Vertical Stacking of a Mid-Latitude Cyclone

A few weeks back, the east coast got slammed by a massive winter storm. I wanted to display the North American Mesoscale (NAM) forecast model output for the dynamics and temperatures for this system as it approached the mid-Atlantic. Keep in mind, this is model data, as there is no practical way to observe some of these things with this resolution. Reality did not differ from this model output significantly.

First, we look up high, at the 300 mb level. Notice the deep trough over the Appalachian Mountains, and the weak jetstreak moving northward just off the coast of Georgia and the Carolinas. This was one source of energy for this storm system. I am not sure about the bulb shape at the bottom; this may be significant as well. I will have to look into this.

Second, we descend through the atmosphere, to the 500 mb level. Notice the hook-shaped vorticity pattern in this system. Also, notice how the winds at this level blow across the vorticity gradient from higher vorticity to lower; this was Positive Vorticity Advection (PVA). There was strong PVA over Virginia and eastern North Carolina on this chart.

Diving closer to the Earth’s surface, to the 700 mb level, we see rapidly rising air, near the PVA and the nose of the jetstreak. This rapidly-rising air was causing clouds to form; quite a bit of precipitation fell from these clouds, as we learned on 1/22/16.

Finally, at the 850 mb level, we start to look at thermal advection. Several important features of mid-latitude cyclones are present in this image. First, notice that there were winds blowing across the thermal gradient from warm to cold in eastern North Carolina and south-central Virginia; this was Warm Air Advection (WAA). WAA enhances convection, and thus clouds and precipitation, and in this case, the WAA corresponds to the same area as the PVA. The WAA can be thought of as the warm front. One of these would have been bad enough, but to have them overlap created the rapidly-rising air seen on the 700 mb chart. There was also wind blowing across the thermal gradient from cold to warm; this was Cold Air Advection (CAA), which also closely corresponded to the cold front. This was strongest in southern Georgia.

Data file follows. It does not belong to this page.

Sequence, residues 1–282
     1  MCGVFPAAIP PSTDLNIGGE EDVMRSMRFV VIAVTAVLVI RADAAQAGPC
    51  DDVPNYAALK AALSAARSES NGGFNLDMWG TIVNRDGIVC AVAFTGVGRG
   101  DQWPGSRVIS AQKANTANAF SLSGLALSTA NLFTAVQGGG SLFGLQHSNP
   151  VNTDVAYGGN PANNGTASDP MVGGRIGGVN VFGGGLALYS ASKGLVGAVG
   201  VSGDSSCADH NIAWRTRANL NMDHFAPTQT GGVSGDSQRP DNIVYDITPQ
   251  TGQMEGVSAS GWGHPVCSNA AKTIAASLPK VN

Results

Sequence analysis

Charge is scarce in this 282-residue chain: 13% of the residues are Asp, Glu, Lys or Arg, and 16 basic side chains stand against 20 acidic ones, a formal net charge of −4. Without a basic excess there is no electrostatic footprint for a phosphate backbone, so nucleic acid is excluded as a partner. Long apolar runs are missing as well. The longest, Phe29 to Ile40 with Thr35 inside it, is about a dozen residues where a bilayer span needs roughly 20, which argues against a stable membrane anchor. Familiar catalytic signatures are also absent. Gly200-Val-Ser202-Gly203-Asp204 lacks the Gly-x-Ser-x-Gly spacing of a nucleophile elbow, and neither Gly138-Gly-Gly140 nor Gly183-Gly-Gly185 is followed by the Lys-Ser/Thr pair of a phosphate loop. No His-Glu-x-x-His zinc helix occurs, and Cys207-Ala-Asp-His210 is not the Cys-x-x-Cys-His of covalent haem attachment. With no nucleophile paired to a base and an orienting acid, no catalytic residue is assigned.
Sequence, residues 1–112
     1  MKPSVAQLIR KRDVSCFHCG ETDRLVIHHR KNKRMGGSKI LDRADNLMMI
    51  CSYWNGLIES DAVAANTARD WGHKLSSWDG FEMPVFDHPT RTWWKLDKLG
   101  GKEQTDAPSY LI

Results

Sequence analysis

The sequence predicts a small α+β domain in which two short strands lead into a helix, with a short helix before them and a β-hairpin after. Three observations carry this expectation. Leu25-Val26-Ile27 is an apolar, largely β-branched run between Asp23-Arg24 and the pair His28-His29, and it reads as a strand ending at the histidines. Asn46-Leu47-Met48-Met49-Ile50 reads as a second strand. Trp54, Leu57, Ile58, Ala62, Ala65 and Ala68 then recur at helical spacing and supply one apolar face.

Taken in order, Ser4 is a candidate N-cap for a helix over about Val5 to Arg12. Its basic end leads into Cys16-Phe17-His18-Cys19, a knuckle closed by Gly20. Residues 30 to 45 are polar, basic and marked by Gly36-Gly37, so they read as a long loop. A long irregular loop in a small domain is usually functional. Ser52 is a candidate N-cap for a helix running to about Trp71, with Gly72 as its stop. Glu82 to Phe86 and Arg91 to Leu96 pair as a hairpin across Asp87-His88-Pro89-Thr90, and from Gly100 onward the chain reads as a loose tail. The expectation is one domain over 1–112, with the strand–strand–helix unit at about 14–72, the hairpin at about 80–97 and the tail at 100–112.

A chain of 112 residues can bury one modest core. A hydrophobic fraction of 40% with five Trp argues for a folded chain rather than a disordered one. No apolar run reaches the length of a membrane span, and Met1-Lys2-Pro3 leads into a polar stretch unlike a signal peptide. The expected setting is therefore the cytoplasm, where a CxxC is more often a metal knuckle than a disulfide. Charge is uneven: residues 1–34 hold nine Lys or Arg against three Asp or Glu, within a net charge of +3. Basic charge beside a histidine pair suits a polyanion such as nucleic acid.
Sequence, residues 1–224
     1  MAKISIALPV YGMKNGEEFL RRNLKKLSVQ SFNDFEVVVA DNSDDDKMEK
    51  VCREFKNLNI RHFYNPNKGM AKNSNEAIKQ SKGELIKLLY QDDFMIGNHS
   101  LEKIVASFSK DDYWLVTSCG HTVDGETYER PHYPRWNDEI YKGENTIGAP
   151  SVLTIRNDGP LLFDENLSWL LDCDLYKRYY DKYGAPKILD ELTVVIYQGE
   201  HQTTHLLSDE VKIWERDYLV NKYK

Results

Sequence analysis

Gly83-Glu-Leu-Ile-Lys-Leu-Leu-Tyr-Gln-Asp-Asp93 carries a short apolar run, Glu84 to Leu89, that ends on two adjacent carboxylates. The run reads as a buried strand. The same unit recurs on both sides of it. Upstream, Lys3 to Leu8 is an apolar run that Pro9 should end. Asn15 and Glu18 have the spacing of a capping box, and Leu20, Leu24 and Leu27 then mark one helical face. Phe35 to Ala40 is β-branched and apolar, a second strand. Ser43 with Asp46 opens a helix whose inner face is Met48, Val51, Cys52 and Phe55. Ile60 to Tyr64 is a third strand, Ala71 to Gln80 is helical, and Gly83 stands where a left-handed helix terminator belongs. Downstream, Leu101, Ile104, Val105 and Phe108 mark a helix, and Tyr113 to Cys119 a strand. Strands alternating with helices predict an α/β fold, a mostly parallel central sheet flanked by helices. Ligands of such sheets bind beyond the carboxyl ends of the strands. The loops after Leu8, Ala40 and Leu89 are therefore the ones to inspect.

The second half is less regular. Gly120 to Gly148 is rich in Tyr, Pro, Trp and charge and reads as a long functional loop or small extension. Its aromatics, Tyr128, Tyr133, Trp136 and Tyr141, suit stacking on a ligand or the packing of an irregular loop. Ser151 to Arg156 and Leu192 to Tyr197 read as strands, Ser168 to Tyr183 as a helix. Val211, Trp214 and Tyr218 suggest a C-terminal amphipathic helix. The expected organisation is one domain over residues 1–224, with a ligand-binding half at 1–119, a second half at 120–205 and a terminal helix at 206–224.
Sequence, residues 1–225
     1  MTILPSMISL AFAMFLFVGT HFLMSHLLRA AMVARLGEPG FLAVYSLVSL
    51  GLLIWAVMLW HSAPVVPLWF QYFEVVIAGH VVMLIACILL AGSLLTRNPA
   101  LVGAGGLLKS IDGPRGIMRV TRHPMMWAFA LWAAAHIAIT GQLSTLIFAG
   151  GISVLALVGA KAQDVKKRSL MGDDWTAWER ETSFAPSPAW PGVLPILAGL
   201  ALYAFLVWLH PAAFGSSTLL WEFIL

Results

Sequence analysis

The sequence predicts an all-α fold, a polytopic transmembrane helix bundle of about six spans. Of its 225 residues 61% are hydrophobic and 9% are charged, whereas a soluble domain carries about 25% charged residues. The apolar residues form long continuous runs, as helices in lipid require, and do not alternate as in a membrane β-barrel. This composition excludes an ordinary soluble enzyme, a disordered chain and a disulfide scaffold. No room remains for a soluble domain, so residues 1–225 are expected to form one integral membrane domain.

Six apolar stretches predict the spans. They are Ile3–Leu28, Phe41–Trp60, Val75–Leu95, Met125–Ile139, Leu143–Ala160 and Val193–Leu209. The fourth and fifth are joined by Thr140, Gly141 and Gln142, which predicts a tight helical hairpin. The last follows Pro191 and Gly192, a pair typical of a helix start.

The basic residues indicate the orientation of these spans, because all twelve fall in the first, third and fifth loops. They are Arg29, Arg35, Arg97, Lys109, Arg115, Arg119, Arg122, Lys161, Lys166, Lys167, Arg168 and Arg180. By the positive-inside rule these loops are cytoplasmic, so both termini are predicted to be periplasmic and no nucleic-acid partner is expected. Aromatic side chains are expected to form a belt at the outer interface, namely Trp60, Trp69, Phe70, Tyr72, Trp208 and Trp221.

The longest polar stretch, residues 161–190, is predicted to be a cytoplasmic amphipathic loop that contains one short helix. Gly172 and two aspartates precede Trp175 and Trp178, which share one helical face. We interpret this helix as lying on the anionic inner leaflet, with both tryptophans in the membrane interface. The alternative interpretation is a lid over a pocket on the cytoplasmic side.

By looking at the storm through vertical slices, we can understand a little bit more about its internal structure. At some point, I will also post a temporal analysis of a mid-latitude cyclone, so that you can see how a system like this evolves.

Thank you for reading my post.

The upper level NAM charts are from Unisys Weather.


About highplainschasing

This blog is about my tales in storm chasing. My name is Seth Price and I am an instrumentation instructor at New Mexico Tech. My amateur radio call sign is N3MRA.
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